Text & Photos: Francisco Collazo
Translation: Julie Schwietert Collazo


Spanish Harlem, New York City

Graffiti is like a place: each “tag” has its own language. One of the characteristics of graffiti is that it reflects the social and mental state of the society in which it’s made to a certain extent.

“DEMOCRACY does not equal COLONY,” San Juan, Puerto Rico

Graffiti is an open letter. A thermometer measuring society’s temperature. A signal that communicates the health of a community better than the media.

“A salute to the Cuban Revolution on Its 50th Anniversary. And ours… when?” Puerto Rico

Some cities become renowned for their graffiti– like New York in the 70s, when the subways, stations, parks, and buildings were covered with tags.

Long Island City, New York

But in New York, graffiti is, to a certain extent, a relic of the past, not as fresh in our collective memory as these more recent examples of political graffiti from Oaxaca, Mexico, and San Juan, Puerto Rico.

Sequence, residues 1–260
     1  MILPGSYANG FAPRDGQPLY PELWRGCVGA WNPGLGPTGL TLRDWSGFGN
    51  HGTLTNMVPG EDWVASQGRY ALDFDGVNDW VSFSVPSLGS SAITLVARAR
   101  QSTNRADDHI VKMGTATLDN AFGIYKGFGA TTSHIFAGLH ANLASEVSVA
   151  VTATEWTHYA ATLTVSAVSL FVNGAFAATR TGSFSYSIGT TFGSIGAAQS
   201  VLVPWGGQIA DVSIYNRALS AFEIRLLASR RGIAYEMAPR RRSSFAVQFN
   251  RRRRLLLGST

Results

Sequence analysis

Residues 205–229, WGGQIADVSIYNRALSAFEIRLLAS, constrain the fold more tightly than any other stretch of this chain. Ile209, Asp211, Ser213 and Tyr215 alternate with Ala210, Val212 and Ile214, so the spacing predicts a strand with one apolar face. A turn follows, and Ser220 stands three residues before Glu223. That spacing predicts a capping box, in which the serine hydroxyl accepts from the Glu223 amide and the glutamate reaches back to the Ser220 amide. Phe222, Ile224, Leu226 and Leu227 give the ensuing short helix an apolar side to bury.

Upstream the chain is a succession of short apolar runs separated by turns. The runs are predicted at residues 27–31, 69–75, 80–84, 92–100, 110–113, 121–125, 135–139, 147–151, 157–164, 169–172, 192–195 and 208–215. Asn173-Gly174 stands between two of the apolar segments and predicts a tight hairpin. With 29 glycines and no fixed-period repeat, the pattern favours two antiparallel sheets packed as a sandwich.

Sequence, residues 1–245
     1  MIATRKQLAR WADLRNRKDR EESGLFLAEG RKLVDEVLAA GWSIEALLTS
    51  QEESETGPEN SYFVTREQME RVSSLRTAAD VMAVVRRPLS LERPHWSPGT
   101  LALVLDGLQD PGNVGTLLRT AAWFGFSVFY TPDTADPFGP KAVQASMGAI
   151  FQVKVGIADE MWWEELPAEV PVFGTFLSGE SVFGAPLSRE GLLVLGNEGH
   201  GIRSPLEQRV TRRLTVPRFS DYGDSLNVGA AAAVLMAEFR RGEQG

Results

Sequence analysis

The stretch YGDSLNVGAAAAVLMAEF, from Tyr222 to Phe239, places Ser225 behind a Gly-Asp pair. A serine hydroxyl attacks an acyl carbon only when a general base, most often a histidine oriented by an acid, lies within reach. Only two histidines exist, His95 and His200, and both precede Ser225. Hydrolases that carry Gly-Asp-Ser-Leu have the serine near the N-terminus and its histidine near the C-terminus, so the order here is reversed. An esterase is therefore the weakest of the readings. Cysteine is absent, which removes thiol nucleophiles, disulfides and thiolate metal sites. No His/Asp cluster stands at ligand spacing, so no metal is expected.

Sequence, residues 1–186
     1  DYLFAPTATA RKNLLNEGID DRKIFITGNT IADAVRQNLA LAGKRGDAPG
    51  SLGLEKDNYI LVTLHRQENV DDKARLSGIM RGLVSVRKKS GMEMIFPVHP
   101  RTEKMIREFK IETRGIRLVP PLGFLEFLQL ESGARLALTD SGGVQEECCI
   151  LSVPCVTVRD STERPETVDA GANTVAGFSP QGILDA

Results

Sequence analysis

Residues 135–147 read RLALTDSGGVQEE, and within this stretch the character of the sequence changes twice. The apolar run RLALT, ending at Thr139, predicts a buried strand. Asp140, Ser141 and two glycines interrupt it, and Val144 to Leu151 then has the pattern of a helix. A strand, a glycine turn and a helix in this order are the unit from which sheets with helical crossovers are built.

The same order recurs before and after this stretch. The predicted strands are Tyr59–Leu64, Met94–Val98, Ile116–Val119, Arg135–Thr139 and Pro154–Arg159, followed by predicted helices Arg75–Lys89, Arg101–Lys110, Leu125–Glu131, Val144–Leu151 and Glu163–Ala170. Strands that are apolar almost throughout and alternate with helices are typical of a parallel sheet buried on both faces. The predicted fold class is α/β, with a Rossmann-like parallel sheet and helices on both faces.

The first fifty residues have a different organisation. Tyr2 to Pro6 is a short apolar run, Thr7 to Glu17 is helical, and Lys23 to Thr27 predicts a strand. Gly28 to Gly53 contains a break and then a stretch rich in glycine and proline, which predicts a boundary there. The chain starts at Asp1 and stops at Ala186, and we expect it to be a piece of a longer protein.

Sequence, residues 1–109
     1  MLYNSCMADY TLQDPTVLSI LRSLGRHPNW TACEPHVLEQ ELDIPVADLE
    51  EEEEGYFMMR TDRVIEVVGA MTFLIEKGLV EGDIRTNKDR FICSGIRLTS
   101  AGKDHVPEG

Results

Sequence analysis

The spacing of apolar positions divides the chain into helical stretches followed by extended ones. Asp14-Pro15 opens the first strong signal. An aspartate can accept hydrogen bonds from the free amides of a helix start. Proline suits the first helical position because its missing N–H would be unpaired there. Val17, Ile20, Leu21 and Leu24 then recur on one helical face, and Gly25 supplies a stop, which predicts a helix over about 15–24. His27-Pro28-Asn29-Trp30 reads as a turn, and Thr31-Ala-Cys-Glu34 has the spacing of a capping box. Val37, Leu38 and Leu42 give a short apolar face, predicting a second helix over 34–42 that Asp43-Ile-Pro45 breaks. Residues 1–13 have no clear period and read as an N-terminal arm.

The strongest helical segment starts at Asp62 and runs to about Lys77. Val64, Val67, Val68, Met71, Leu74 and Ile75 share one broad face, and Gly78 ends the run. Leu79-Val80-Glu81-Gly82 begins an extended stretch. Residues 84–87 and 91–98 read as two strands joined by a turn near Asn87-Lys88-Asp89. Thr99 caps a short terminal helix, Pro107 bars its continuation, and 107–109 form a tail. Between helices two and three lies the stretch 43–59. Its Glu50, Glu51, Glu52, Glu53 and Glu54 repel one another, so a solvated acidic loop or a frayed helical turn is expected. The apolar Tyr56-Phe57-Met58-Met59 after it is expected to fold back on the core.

“Fighting for a working class government, popularly elected by the people.” Oaxaca, Mexico

I’m compelled by them–or repulsed by them–depending on where I find them or what their messages refer to. Often, there’s an anger that seems to have motivated them into existence, and it’s costly to remove them. And there’s the anonymity of the artist: I’m so curious to know who left this message here; that person evaporates, leaving just the image or words behind.

“Long Live the EZLN!” (Zapatista movement) Oaxaca, Mexico